Accompanying the commodification of health and welfare, in which professionals are to be seen as producers, is the reformulation of service users as consumers. Indeed, it could be seen as axiomatic that if the service in question becomes a product (a good or commodity) then the user of the service must become a consumer of that product. So the claims which have been made about consumerism frequently make reference to the desirability of seeing the relationship between services and service users in this way, not as an outcome but as an integral part of the process of commodification. That is, unless both professionals and service users themselves see service users as consumers, with attendant expectations about rights to standards of service, then the project of reformulating social welfare as production will be incomplete. Therefore, consumerism is a necessary part of the overall reconstruction of social welfare (Walsh, 1994).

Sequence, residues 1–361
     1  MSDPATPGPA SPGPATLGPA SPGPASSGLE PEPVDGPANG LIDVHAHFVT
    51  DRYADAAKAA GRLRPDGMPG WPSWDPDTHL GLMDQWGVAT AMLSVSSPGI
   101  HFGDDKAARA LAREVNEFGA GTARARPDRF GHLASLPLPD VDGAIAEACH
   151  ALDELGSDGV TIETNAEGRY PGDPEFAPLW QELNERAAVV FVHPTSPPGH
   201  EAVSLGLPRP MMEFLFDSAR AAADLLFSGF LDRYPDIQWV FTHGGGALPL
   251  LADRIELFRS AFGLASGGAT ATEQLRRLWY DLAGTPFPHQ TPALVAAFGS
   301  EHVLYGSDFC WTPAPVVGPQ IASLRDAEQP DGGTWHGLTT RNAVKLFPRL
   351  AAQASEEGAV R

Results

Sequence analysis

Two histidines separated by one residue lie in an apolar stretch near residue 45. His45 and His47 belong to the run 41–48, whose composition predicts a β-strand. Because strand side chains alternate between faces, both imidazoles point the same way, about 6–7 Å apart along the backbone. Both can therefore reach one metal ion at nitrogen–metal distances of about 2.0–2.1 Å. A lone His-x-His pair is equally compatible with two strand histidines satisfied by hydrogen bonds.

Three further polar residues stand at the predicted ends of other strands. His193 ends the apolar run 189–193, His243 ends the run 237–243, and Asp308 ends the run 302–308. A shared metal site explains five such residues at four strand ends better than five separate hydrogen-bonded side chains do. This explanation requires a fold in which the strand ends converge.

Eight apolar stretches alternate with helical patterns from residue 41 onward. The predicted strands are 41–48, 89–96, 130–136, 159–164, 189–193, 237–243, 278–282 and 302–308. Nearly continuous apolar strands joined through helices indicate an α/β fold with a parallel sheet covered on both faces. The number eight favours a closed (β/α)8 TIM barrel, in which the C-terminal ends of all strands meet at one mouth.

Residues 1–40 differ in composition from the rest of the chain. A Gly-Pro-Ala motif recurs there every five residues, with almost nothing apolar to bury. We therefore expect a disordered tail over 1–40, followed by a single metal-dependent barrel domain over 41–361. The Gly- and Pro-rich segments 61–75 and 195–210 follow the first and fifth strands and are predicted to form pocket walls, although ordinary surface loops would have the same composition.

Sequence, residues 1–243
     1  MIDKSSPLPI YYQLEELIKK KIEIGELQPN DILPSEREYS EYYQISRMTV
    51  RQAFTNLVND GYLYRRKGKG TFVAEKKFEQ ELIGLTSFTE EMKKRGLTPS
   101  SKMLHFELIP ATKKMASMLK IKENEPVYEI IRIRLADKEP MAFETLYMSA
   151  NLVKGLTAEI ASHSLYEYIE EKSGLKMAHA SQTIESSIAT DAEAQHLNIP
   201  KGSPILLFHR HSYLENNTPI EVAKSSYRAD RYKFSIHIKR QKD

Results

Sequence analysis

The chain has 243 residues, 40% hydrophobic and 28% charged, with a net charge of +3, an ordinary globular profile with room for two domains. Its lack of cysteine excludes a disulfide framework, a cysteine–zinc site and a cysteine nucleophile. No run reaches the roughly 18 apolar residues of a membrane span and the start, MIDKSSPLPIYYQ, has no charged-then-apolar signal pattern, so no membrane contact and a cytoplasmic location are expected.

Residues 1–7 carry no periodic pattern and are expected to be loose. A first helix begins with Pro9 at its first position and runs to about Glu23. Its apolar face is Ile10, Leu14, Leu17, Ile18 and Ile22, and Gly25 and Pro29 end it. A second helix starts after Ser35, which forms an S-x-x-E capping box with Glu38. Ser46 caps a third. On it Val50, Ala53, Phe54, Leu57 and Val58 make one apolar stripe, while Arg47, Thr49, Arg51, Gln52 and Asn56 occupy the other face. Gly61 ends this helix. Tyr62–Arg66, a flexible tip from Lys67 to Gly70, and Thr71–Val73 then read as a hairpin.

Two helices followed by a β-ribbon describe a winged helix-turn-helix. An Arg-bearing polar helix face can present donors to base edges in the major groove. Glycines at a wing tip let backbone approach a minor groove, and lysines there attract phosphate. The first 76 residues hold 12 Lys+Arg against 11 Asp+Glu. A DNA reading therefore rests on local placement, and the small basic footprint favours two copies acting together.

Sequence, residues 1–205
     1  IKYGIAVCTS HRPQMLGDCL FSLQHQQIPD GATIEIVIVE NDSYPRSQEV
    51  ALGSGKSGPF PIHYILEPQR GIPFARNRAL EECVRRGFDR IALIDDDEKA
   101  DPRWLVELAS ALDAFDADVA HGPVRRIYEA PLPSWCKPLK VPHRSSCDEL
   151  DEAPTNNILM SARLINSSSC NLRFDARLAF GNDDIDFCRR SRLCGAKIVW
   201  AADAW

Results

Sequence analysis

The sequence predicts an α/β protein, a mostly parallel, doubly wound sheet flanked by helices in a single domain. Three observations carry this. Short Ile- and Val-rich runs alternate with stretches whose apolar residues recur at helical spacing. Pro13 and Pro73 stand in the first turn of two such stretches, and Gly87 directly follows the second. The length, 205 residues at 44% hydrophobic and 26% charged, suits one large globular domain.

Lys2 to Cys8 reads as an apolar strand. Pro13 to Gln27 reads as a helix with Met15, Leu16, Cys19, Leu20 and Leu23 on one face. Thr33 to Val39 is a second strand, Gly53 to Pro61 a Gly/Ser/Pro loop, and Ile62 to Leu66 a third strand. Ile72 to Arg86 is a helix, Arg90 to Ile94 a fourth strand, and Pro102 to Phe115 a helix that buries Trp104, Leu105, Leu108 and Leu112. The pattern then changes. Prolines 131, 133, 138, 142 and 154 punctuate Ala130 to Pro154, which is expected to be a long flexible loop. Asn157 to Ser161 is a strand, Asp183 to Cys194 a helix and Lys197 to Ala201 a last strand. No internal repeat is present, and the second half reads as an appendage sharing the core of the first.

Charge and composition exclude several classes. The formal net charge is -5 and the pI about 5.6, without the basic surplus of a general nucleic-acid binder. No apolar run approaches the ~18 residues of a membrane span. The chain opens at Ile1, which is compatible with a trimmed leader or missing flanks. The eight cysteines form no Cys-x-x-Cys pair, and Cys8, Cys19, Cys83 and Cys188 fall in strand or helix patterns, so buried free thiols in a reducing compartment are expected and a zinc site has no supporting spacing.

Unable to display preview. Download preview PDF.